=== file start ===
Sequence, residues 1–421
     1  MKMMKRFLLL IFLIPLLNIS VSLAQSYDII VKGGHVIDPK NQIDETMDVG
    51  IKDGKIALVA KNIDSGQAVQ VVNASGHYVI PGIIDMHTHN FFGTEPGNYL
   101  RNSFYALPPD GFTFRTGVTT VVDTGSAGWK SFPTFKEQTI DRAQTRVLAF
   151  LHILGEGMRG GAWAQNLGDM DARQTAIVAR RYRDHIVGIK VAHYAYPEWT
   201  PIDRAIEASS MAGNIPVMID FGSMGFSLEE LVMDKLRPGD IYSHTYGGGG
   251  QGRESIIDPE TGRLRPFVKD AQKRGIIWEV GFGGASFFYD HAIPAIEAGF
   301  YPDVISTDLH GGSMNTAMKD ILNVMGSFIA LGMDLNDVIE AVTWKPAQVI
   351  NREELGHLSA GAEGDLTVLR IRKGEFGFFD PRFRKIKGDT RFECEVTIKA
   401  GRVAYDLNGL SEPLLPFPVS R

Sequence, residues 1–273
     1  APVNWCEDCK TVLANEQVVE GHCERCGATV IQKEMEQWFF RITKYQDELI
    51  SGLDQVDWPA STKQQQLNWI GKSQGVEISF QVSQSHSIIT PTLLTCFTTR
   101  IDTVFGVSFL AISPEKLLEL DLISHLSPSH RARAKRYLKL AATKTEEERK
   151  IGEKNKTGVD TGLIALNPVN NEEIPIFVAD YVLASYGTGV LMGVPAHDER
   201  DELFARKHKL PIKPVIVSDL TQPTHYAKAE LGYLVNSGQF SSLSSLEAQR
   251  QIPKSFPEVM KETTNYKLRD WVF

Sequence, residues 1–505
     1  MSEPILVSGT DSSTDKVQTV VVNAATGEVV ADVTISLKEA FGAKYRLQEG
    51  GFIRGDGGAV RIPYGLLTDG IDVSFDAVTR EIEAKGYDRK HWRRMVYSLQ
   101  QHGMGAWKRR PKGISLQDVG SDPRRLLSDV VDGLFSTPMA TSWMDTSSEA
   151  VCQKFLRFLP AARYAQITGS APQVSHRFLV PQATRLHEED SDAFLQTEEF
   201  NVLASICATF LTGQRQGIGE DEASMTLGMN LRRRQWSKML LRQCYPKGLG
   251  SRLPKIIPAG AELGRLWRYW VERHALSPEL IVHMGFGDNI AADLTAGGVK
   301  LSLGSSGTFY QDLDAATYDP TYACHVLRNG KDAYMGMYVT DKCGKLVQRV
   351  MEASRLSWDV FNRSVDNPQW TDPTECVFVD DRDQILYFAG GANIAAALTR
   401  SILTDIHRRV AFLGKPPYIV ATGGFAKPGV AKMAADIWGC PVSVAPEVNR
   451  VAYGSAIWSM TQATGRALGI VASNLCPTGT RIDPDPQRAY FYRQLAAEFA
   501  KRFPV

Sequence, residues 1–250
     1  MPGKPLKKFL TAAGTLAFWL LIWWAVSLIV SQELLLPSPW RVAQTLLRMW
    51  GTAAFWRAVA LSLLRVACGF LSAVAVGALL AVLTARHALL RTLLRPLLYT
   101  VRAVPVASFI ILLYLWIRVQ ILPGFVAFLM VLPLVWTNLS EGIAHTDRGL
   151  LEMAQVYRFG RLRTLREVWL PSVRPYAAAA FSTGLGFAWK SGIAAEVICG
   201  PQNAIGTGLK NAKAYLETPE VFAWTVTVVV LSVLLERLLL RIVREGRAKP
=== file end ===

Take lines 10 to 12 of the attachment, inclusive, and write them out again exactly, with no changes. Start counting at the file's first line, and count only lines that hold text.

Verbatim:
   401  GRVAYDLNGL SEPLLPFPVS R

Sequence, residues 1–273
     1  APVNWCEDCK TVLANEQVVE GHCERCGATV IQKEMEQWFF RITKYQDELI